The state’s payroll total of 123,874 is also not the full measure of New Jersey’s heavily unionized, politically active, and public employment workforce.

Subsidized by state taxes, New Jersey’s property tax-funded public school payrolls include about 130,000 employees, largely represented by the powerful NJ Education Association, the state branch of National Education.
Association, which also supported Murphy.

Also augmented by state taxes, municipal and county governments funded by property taxes constitute an additional force of heavily unionized public employees, totaling 103,000 additional public employees. In addition, there are approximately 25,000 employees in New Jersey on federal payrolls.

If all of these public employees lived in one New Jersey township, they would be by far the largest city in the state, far surpassing places like St. Louis, Cleveland, Cincinnati, and Pittsburgh.

Despite the slight downward trend in the number of state employees, the overall payroll for New Jersey public servants highlights a lingering problem, defying Murphy’s efforts to address it: local and school.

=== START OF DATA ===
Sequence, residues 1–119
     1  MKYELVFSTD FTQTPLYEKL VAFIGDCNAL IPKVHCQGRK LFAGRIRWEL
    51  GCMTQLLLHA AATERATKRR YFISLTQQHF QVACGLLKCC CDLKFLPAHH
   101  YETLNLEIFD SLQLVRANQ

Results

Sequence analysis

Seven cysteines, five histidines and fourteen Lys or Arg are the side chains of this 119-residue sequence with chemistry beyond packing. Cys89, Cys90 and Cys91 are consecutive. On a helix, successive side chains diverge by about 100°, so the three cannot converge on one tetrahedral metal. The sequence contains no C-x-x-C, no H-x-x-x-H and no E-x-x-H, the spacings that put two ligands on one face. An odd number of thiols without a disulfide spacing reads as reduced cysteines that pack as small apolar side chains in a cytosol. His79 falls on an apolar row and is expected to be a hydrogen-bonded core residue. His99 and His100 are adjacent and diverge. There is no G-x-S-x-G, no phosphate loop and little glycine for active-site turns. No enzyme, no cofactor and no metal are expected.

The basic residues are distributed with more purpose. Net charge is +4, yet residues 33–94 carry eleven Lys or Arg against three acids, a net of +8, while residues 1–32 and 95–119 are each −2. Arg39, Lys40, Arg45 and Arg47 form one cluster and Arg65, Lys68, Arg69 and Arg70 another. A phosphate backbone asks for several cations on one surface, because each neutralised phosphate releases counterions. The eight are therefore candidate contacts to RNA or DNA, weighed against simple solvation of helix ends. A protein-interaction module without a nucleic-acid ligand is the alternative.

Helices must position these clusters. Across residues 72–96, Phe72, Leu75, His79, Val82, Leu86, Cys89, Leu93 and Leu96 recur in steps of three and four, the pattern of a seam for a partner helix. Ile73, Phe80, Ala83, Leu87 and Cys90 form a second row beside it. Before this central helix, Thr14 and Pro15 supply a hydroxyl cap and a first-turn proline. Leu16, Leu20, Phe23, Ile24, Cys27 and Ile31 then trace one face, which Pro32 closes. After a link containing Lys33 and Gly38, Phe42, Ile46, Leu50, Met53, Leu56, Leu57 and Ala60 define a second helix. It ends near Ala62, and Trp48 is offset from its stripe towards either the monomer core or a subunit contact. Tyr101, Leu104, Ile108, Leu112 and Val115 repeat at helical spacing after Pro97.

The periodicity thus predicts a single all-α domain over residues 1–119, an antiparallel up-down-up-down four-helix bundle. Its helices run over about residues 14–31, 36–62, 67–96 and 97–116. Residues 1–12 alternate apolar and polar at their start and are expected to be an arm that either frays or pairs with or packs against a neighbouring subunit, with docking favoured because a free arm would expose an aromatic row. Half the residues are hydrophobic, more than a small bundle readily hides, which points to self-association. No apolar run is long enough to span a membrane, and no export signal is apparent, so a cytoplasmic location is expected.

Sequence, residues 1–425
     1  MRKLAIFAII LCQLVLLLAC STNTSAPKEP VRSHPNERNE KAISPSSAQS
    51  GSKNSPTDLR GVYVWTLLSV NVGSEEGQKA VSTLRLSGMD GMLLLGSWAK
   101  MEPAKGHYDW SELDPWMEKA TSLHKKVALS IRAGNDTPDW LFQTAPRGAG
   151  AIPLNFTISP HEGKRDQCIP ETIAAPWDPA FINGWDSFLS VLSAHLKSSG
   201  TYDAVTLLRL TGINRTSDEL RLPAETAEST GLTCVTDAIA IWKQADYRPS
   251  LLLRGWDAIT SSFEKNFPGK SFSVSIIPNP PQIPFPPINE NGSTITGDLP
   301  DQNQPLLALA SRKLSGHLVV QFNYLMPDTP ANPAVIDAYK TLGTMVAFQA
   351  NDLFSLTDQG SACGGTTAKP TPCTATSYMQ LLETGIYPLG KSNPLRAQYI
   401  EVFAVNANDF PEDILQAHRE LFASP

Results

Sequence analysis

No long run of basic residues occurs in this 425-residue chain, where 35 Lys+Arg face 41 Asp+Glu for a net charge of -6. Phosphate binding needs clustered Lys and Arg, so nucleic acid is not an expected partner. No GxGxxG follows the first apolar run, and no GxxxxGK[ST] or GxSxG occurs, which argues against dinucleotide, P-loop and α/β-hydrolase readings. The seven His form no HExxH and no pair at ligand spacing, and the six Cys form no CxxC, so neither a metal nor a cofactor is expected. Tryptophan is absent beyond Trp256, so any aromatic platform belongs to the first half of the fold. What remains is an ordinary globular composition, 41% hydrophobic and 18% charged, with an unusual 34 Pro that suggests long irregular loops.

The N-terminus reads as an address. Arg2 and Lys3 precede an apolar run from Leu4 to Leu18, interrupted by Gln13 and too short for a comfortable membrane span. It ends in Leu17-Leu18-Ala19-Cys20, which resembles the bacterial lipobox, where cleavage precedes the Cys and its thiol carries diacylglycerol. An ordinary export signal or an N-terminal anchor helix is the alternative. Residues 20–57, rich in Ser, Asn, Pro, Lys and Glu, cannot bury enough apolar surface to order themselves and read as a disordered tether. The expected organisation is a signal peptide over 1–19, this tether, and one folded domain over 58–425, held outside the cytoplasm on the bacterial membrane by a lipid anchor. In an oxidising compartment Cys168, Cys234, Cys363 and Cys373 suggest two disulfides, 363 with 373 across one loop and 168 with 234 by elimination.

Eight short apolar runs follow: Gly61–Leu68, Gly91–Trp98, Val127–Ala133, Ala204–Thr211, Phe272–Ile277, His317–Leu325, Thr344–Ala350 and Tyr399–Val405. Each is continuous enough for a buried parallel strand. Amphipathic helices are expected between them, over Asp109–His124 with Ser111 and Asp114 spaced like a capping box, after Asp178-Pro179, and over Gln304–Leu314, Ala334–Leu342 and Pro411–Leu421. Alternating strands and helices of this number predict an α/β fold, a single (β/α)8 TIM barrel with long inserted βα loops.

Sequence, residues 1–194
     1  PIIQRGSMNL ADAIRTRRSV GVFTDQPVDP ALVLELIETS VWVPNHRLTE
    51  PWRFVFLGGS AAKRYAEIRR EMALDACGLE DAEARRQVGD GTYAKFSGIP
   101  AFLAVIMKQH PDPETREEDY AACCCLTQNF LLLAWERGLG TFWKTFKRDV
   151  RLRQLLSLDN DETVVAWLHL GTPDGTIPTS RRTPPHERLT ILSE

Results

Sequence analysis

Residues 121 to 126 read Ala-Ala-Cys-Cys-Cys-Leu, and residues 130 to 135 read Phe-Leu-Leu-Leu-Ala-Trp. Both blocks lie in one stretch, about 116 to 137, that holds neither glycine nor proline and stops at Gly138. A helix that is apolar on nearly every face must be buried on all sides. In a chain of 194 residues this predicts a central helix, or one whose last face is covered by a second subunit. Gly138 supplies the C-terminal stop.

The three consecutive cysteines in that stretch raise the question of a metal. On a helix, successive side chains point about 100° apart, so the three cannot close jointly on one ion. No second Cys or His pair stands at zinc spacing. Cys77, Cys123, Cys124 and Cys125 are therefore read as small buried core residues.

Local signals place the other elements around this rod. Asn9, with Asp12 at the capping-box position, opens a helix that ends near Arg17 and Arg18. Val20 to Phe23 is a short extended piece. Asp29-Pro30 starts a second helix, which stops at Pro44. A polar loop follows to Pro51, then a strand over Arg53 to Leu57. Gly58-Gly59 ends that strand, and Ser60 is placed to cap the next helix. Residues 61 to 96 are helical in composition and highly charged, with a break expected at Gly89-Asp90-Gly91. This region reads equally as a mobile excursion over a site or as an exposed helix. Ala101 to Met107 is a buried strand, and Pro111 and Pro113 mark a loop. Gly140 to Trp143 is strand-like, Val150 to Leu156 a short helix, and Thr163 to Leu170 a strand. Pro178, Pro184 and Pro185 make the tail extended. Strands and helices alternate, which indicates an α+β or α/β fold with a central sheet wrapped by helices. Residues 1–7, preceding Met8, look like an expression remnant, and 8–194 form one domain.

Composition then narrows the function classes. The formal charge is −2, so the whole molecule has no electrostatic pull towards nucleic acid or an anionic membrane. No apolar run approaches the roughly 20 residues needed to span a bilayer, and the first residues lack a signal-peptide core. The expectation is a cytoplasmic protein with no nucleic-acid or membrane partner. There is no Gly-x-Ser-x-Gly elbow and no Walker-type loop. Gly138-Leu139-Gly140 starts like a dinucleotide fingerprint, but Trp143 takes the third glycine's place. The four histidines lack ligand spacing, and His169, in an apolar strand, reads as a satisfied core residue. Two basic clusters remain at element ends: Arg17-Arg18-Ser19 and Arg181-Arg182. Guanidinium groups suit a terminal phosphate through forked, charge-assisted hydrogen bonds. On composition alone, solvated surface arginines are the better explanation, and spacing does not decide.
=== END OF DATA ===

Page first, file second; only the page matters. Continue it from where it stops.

New Jersey struggles with a phenomenal “net pension liability” of $ 141.8 billion, with a low funding ratio of just 39.7%, according to a Pew Research Foundation study based on 2019 data. . It is the second worst in the country, just behind the tax-troubled Illinois, with bankruptcy falling on it, mired by Chicago’s colossal liabilities in the public sector.

The tax consequences of New Jersey’s public employment figures are surely well known to Governor Murphy above all. Under New Jersey state income tax, with a maximum marginal rate of 10.75%, the former
The Wall Street banker himself pays millions in taxes every year, as his statements show. (Only 2.4% of New Jersey taxpayers have annual taxable income greater than $ 500,000, but they pay almost 42% of total state income tax.)

Yet critics would likely point out that the governor’s wealth is of such magnitude that after paying his taxes he can still manage to maintain a retirement in Tuscany and donate around $ 1 million to charity. Other prosperous people of lesser wealth cannot so easily pay their tax bills with an indifferent shrug.

Taxes might not exactly ruin them, but they can make at least one annoying difference in their lifestyle, maybe the difference between, say, having a Camry or a Lexis, sending a girl to Temple instead of Vassar or vacation on the Jersey Shore instead of on the French Riviera.

Governor Murphy is certainly right, however, in this regard: If the public payroll figures and their fiscal implications worry you, then – as he keeps repeating in these commercials that Jack Ciattarelli is broadcasting – New Jersey
indeed may not be the state for you.

About Yvonne Lozier